Wednesday, March 31, 2010

I forgot - why am I in a war zone??? Oh yeah, now I remember...

Arrived in Baghdad lastnight after a one-hour flight up from Ali Al Salem Airbase, Kuwait. Flew in an Air Force C-17 cargo plane - one I've flown in many times to/from the ice. It was so very...familiar (and I knew the best seats are the ones along the fuselage wall - NOT the cushy, pax seats in the middle).

There were about 140 of us, over half were soldiers, and for some, it was their first time in a war zone. Some were excited, some quiet, some were in prayer, all were armed.

The cool part about the flight was the death-spiral landing. In times like this, the pilot will stay at-altitude for as long as possible, usually till they're right over the airport, then spiral the plane down to the ground...but in a controlled, good way. This limits the exposure shall we say...people who like to shoot things in the sky.

Landed safely, waited an hour and a half for a ride, then spent the night in yet another tent - transient housing. Today we may or may not get a lift up to Taji. We'll see. It's only 17 miles. I say we rent a car, and drive on up. For some reason, people frowned at that idea.

Only got about four hours of sleep lastnight. But then again, since this whole trip started 13 days ago, I haven't gotten a full eight hours night's sleep. My body's tired, and starting to feel it.

So, the adventure continues. As soon as I hit Taji I can do something I've been wanting to do for awhile: UNPACK! I forgot how tiring it is to live out of a suitcase/duffle. Exhausting.

That's it for now. Let's see what the day has to offer, shall we?

Why am I hearing automatic weapons fire in the distance?...

Tuesday, March 30, 2010

Water? Oh yeah, we got water...

Even though the water here is safe and treated, we're 'encouraged' to avoid drinking it. So, we have dozens (hundreds?) of pallets of case water all over the camp. And drink it we do! We're a hydrated bunch.

And yes, there's recycling bins for the empties. :)

Was that a dead goat?...

The last two days our group of 22 has been transported from our temporary home in Tent City to the metropolis of Kuwait City. It's about a 45 minute drive through some of the most beautiful...wait, that's not the word...barren environs I've ever seen.

Desert as far as the eye can see...topped with trash. Literally - trash. You'd think SOMEONE would adopt-a-dune, and pick-up the rubbish.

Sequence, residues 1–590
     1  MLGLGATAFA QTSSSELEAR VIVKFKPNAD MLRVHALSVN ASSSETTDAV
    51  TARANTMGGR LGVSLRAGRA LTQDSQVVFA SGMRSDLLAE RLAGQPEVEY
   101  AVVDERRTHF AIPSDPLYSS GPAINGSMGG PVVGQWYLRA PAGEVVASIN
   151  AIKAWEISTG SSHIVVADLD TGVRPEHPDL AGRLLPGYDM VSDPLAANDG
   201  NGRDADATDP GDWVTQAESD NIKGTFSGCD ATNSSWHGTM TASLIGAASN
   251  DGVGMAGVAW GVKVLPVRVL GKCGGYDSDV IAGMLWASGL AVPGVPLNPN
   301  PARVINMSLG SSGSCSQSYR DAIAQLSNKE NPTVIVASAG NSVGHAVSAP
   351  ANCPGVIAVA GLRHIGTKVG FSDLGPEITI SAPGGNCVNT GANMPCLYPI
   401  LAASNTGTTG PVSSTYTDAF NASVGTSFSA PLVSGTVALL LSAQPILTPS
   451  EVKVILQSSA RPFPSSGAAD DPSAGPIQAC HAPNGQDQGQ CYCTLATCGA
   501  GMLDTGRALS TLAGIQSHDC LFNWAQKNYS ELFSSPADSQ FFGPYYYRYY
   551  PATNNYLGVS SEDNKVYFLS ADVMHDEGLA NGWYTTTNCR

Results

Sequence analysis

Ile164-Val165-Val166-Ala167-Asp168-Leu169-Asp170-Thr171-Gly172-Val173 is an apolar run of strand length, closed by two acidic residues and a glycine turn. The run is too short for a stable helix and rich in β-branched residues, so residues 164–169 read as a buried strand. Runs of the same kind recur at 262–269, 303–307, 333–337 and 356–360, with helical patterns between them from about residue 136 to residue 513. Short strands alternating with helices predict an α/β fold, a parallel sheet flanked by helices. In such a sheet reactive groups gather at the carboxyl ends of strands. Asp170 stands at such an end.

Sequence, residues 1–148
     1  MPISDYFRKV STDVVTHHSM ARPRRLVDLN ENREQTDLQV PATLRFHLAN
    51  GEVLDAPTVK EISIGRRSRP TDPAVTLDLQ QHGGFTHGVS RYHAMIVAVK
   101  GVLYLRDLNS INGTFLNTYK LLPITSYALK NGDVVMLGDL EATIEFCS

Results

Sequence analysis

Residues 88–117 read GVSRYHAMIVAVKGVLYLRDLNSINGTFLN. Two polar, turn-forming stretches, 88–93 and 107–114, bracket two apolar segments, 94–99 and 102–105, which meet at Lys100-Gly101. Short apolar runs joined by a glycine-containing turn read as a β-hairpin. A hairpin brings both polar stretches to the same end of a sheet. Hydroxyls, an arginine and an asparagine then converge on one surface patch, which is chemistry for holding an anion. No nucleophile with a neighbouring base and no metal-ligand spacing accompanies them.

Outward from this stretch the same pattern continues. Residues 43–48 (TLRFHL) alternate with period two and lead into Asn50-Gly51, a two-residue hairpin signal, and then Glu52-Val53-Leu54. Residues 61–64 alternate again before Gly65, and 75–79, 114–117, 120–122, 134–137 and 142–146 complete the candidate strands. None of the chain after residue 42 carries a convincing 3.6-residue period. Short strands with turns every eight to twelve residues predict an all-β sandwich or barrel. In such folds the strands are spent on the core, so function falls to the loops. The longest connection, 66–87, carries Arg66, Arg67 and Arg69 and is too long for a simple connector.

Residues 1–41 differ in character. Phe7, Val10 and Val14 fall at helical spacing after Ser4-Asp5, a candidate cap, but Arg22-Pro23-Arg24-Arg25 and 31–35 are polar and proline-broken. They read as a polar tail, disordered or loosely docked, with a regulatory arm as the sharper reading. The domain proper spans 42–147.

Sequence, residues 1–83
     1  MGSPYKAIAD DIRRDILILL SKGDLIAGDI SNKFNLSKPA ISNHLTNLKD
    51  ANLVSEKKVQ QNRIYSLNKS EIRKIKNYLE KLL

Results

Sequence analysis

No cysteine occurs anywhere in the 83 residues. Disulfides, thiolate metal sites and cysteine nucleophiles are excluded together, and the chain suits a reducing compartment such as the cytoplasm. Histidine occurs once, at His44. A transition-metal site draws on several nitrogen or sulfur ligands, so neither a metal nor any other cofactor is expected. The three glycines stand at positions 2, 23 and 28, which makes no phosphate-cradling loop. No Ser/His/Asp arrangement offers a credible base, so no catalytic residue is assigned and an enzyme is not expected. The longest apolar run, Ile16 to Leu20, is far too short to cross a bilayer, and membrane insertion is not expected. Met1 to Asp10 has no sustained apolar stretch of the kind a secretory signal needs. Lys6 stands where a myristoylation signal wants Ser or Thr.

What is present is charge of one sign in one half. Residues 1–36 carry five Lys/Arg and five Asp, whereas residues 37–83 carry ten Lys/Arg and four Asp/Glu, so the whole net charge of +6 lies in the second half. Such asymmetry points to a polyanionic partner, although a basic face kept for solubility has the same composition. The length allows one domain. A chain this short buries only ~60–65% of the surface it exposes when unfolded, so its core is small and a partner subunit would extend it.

They have roadkill here, too, but not opossums and armadillos. Yesterday we saw two goats by the roadside that had bit it. Can't blame them - there are no fences to contain them. They wander. Could be that they belonged to some of the semi-nomadic Bedouins that still live in tents around the country. I don't know.

Kuwait City was hit hard way back in 1990 by that nasty, old Iraq. It's been rebuilt nicely, but there is still evidence of the damage, and the patch jobs. We weren't able to venture into the heart of the city, even though I would have really liked to. We're kept on a pretty tight rein when we're off-base. Even though we're there to help them, I get the feeling some believe we've overstayed out welcome.

No biggie - I'm sure we'll be outta here sometime in the next decade.

So, we've finished all of our orientations and trainings, and now it's time to wait for a plane. The schedules change on a daily basis, and we're all going to be going to different places. Mine's a relatively easy one to get to, but I have to wait for an open seat.

I've got to admit, I'm looking forward to starting my new job, and getting into a routine. The last week and a half have been...trying. Not surprised some people bail. Lots of BS to go through. However, we all realize that the reward is worth the temporary discomfort (...and frustration...and lack of organization...and...).

Tomorrow we pick-up our passports, and will be signed-out of the country. Yes, we're still officially here, but we won't be allowed to leave the base again. No worries, there's plenty to do here. :)

BTW, the Armed Services have done a wonderful job providing recreational opportunities for our uniformed soldiers. While this place isn't anything to write home about, it does offer a great MWR (Morale, Welfare, and Recreation) department and facilities. There's a great weight gym, cardio gym, basketball court, internet access, phones, gaming consoles, movie rental, and a plethora of other things to keep people active during their down time.